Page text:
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Date: 09-18-2017

Case Style:

United States of America ex rel Donald Little and Kurosh Motaghed v. Triumph Gear Systems, Inc.

United States Court of Appeals for the Tenth Circuit

Denver, Colorado

Case Number: 16-4152

Judge: Nancy L. Moritz

Court: United States Court of Appeals for the Tenth Circuit on appeal from the District of Utah (Salt Lake County)

Plaintiff's Attorney: Edward A. McConwell, McConwell Law Offices, Mission, Kansas (Donald E. Little,
Austin, Texas, with him on the brief), for Plaintiffs-Appellees.

Defendant's Attorney: Douglas W. Baruch, Fried, Frank, Harris, Shriver & Jacobson LLP, Washington, D.C.
(John T. Boese, Michael J. Anstett and Aaron T. Tucker, Fried, Frank, Harris, Shriver &
Jacobson LLP, Washington, D.C., and Jason D. Boren, Ballard Spahr, LLP, Salt Lake
City, Utah, with him on the brief), for Defendant-Appellant.

Description: This appeal arises from the efforts of several whistleblowers to navigate the
procedural minefield of the False Claims Act (FCA). See 31 U.S.C. §§ 3729-3733. In
2012, Joe Blyn commenced this FCA action by filing a sealed complaint in the district
court. The complaint named Donald Little as Blyn’s counsel of record. Months later,
Little filed an amended complaint that named himself and a third person, Kurosh
Motaghed, as the sole relators.1 Blyn was excised from the caption—and the rest of the
amended complaint—without explanation.
Defendant Triumph Gear Systems, Inc. (Triumph) moved to dismiss Little and
Motaghed’s claims. Triumph argued that their claims are barred by the FCA’s first-to-file
rule, which prohibits new relators from intervening in a pending FCA action. See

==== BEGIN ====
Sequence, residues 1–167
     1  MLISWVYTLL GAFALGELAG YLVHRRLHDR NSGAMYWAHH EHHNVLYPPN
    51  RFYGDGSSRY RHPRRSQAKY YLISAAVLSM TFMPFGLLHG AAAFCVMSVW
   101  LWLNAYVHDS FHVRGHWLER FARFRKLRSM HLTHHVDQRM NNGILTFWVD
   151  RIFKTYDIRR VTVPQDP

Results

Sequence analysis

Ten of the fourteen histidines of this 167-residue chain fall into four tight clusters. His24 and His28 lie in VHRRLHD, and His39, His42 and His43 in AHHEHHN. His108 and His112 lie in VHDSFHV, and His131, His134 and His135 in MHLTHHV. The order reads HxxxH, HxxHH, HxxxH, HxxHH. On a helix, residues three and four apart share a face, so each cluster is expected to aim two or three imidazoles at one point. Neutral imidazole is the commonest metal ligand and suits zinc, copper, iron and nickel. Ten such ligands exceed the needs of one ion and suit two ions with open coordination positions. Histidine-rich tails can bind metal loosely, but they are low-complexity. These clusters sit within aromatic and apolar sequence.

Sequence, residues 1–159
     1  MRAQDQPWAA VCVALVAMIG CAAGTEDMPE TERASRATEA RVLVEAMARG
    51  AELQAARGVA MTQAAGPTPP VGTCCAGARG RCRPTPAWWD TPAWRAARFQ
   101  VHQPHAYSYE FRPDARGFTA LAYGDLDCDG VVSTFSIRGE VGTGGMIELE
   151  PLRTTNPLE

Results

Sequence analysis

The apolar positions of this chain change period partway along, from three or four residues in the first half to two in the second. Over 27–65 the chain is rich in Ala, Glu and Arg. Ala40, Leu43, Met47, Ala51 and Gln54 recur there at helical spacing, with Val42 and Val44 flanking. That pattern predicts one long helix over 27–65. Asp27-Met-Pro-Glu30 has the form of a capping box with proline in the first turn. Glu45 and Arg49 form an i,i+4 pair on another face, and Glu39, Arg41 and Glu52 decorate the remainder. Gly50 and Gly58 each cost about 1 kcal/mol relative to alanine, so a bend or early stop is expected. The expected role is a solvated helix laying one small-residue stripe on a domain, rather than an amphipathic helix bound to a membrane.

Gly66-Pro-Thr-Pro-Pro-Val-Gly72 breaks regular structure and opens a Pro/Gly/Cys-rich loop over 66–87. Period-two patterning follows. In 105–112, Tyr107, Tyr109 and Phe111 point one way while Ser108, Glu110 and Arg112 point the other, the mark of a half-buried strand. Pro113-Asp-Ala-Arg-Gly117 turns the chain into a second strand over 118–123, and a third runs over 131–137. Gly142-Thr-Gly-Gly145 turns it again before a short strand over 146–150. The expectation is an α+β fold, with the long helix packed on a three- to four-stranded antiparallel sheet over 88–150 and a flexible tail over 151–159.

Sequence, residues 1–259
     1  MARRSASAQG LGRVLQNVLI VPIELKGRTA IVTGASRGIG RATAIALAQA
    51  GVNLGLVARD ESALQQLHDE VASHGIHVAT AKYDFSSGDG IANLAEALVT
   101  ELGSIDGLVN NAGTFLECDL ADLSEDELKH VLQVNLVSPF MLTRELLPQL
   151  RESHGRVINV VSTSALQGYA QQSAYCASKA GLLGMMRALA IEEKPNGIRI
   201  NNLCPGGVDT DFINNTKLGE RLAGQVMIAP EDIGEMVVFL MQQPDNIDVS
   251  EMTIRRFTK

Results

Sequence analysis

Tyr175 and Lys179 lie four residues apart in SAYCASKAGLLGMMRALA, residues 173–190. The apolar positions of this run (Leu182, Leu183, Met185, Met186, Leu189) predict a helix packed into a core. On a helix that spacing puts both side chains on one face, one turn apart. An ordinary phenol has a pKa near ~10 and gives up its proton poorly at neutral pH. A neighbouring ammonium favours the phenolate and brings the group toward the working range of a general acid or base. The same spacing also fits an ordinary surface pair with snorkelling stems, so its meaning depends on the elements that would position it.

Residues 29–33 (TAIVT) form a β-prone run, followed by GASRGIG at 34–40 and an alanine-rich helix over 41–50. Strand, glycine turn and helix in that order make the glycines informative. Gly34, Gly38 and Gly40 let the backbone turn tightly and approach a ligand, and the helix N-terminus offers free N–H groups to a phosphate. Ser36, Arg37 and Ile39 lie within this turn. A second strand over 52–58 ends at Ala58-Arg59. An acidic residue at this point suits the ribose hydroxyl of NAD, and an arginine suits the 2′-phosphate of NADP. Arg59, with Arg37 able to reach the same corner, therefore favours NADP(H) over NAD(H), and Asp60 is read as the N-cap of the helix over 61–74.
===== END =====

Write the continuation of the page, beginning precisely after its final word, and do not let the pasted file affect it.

§ 3730(b)(5). The district court denied Triumph’s motion, and Triumph appeals. Because
we conclude that Little and Motaghed’s entry into the action violated § 3730(b)(5), we
reverse.
I
Triumph is a government contractor that manufactures aerospace gear systems.
Blyn worked as an independent contractor for Triumph, and he alleges that he witnessed
instances of fraud on the United States by Triumph. In October 2012, Blyn filed a sealed
complaint in the district court claiming that Triumph violated the FCA. The complaint
named Blyn and three John Does as relators. And the complaint identified Little as
Blyn’s counsel of record, but not as a relator.
1 Although the United States is the real plaintiff in interest in FCA actions, a
private party may serve as a qui tam plaintiff—called a relator—on the government’s
behalf. See § 3730(b)(1); United States ex rel. Milam v. Univ. of Tex. M.D. Anderson
Cancer Ctr., 961 F.2d 46, 50 (4th Cir. 1992).
3
In July 2013, Blyn vanished from the action. Little filed an amended complaint
that made no mention of Blyn or the John Does, either in the caption or elsewhere.
Inexplicably, in several instances, Little seems to have simply substituted his name for
Blyn’s without regard for the resulting incongruities. For example, Paragraph 24 of the
complaint alleges that “[o]n September 6, 2006, Relator Joseph Blyn went down to heat
treat and verified in person that the inspection requirements for gear inspection” were
“not being carried out.” App. 22. Paragraph 24 of the amended complaint makes an
identical allegation, but substitutes attorney Little for Blyn.2 And while the docket sheet
indicates that the original complaint was “filed by Joe Blyn,” the amended complaint was
“filed by Donald Little [and] Kurosh Motaghed.” App. 4. Oddly, none of the amended
complaint’s substantive allegations pertain to Motaghed, despite his status as a putative
relator.
After the United States declined to intervene, the district court unsealed the
amended complaint. Little and Motaghed amended the complaint twice more, and
Triumph moved to dismiss the third amended complaint on multiple grounds. As relevant
to this appeal, Triumph argued that the district court lacked jurisdiction over Little and
Motaghed’s claims under the FCA’s first-to-file rule. Under that rule, when a relator
brings a qui tam action under the FCA, “no person other than the [g]overnment may
[1] intervene or [2] bring a related action based on the facts underlying the pending
2 When we asked Little and Motaghed’s counsel at oral argument to explain
these rote substitutions, he responded only that he didn’t draft the amended